Pinpoint which quarters revenue was accelerating at its peak and where it slowed
Uncover how successful peers were at closing successful (and unsuccessful) deals in their pipeline
Uncover where sales cycles were at their shortest and when they stretched further than average
Average Deal Value
Understand how deal values were impacted in relation to the swiftly-changing buyer landscape
Revealed: How many relationships were the benchmark for success, and also - how relationships underpinned the success of all our key performance indicators
Discover how engagement impacted deals across the year and how its measurement provided a key indicator of success
We Want To Hear Your View
As our benchmark report evolves, we would love to hear more from you about your experiences. Has it aligned with what the data showed? Were you able to buck the trend? This report is all about discovering how we’ve each performed and sharing insights on how to improve and generate more revenue, so get in touch!
2020 will live long in the memory. For so many reasons, the world we live in is now permanently changed. For businesses, it’s been a period of ‘business darwinism’, where the strongest adapted to survived, and the rest have been consigned to the annals of history.
In sales, the past 12-18 months have been a watershed moment. Digital transformations which were initially planned across a 10 year time frame were fast-tracked for completion in 10 months. Evolving to become digital-first was business critical.
Sales teams had to adapt, using different tactics, channels and technology in order to survive. The silver-lining of all this, is that it forced them to be plunged into the inevitable data-driven future. ‘Gut-feeling’ forecasts were swiftly exposed, and accurate forecast became more pivotal than ever before.
Now we stand on the cusp of a bold, new, data-driven world. One which is now evolving at breakneck speed. This report is designed to provide sales leaders with the tools and insights they need to succeed in our brave new world. Our report covers five key performance indicators (win rate, sales cycle, average deal value, relationships and engagement) across five industries (software and IT, financial services, healthcare, manufacturing and real estate).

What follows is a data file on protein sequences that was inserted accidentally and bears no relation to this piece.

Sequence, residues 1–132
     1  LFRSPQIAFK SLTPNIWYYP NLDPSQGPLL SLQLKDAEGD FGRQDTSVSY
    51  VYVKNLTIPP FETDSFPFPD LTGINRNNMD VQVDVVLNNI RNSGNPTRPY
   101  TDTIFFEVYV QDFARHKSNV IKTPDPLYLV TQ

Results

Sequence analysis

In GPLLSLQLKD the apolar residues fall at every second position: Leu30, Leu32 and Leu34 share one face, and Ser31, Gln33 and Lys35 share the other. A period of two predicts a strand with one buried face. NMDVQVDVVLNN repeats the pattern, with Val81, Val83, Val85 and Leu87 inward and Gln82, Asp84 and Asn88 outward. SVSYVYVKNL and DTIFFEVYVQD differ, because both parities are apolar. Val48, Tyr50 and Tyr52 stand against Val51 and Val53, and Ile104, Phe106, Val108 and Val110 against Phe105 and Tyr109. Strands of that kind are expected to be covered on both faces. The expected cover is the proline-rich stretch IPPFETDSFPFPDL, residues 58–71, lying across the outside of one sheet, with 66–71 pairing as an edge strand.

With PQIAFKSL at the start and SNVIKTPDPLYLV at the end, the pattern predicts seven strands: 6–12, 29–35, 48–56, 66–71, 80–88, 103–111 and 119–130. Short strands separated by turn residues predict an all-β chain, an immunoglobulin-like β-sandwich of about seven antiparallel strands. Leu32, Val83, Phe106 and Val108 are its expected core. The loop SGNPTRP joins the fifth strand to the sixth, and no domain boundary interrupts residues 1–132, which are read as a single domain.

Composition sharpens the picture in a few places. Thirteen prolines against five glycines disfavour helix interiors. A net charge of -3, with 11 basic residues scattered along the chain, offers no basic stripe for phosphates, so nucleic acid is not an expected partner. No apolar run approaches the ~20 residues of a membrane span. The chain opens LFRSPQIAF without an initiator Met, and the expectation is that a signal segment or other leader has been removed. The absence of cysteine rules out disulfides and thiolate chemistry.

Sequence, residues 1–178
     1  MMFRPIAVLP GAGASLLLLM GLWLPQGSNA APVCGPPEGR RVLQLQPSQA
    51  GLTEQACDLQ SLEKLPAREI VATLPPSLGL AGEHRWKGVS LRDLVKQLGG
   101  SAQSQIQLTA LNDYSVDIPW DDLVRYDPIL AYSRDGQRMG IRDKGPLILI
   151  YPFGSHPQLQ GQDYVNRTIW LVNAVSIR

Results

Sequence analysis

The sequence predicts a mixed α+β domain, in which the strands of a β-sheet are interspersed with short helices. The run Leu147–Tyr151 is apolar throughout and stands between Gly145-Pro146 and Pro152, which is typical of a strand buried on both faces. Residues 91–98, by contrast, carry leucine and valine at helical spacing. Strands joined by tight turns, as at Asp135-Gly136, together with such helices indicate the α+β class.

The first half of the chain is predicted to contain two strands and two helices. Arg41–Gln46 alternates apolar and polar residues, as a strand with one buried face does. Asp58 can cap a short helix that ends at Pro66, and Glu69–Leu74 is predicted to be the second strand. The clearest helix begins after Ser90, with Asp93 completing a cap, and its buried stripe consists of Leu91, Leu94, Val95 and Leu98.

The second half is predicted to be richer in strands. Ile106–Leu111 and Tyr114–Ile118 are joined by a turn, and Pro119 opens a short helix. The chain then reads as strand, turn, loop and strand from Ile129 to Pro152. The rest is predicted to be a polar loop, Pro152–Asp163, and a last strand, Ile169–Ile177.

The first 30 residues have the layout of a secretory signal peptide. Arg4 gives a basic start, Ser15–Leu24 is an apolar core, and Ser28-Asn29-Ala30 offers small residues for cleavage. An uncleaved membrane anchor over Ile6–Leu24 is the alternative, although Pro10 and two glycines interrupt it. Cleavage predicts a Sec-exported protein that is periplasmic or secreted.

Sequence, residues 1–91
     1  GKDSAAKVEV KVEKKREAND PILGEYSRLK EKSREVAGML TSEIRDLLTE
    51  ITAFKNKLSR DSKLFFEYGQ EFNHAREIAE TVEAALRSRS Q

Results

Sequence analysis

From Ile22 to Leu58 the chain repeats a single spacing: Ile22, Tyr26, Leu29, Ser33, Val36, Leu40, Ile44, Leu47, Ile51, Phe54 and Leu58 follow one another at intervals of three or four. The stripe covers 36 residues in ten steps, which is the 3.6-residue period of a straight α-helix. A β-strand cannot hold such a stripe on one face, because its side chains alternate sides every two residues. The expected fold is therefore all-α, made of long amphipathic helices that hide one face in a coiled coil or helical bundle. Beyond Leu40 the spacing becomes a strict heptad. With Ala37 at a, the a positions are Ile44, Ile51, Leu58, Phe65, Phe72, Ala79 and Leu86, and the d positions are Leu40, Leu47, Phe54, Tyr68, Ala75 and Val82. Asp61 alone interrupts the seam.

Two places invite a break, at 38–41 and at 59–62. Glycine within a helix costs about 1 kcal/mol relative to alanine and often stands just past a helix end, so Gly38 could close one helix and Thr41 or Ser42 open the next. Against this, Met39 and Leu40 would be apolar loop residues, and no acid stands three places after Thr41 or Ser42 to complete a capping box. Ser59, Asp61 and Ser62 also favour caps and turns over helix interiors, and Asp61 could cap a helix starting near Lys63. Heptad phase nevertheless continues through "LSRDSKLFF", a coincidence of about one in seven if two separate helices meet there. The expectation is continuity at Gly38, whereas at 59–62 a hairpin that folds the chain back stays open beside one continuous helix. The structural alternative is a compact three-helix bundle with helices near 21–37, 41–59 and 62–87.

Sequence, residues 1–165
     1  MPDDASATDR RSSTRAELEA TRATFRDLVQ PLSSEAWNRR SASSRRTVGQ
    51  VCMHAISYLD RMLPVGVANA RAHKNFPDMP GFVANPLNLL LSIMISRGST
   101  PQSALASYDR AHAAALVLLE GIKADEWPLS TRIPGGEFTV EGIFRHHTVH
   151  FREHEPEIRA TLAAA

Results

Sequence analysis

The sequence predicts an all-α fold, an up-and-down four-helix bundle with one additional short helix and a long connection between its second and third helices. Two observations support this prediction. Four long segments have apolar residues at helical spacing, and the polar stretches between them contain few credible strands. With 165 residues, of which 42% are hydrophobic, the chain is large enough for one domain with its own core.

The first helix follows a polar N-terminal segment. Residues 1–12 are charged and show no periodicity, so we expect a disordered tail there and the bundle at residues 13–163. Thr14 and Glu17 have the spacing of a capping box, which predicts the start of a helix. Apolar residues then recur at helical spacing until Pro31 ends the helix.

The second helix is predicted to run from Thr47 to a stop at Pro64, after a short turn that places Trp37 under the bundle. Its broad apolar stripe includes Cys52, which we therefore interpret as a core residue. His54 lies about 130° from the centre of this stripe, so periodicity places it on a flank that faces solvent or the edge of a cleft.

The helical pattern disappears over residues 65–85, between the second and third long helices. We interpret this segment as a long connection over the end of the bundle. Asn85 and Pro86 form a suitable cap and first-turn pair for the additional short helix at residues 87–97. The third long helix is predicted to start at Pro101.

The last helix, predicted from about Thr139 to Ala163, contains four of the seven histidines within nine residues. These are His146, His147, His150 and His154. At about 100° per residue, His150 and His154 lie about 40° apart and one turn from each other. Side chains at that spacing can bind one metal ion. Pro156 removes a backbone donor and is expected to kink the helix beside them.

Q1 2020 was the strongest quarter for many industries - but not all…
Through the ultimate measure of performance - sales velocity - we can understand the big picture across each quarter. Q1 2020 was the strongest quarter for many industries, but not for everyone. In fact, healthcare in particularly enjoyed strong second and third quarters of 2020 as demand surged in response to the pandemic.
Real estate on the other hand a had very slow opening three quarters, but then finishing strongly in Q4 2020, before finishing on it’s strongest quarter at the beginning of 2021.
Financial services was the most consistent across the year of all the industries. It actually performed well in the early quarters of 2020, and only saw a dip in performance come the beginning of 2021.
Manufacturing was the hardest industry hit following Q1 2020. Performance gradually decreased as the quarters went on, which was not helped by a huge amount of disruption caused by countrywide lockdowns.
Finally, software and IT suffered it’s weakest quarter in Q2, but was quickly able to recover and find it’s feet in the new world we found ourselves in.
Win rates slumped in Q2, then grew quarter-to-quarter - but there’s more here than meets the eye
Q2 was our watershed moment, the moment when pipelines came under intense scrutiny as businesses scrambled to adapt to the new world we found ourselves in.
In the report, we discover how the number of opportunities surged in multiple industries in Q2. So it amidst greater scrutiny of existing pipeline, they were also being flooded with opportunities - but of course, not every opportunity is created equal. In addition to this, sellers were also having to adapt themselves, creating this substantial decrease.
Q3 we witness that adaption beginning to take effect. Opportunities were still high, and business models had to change to meet the now changed buyer’s needs. As those took effect, win rates began to grow across the board - however, it was still no guarantee of increased revenue.
Sales cycles for deals won remained consistent, while for deals lost the impact of increased scrutiny of pipeline is visible
The stark change in the length of sales cycle erupted in Q2 when pipelines were being closely scrutinised. Some deals came in hot and fast, while others were being held onto more in hope than expectation. As businesses scrambled to make sense of increased demand, a cutthroat appreach was needed to identify which opportunities to prioritise.
Sales cycles for deals won remained relatively consistent through the year, showing that even with increased demand, there were still many buyers with a clear view on what they needed.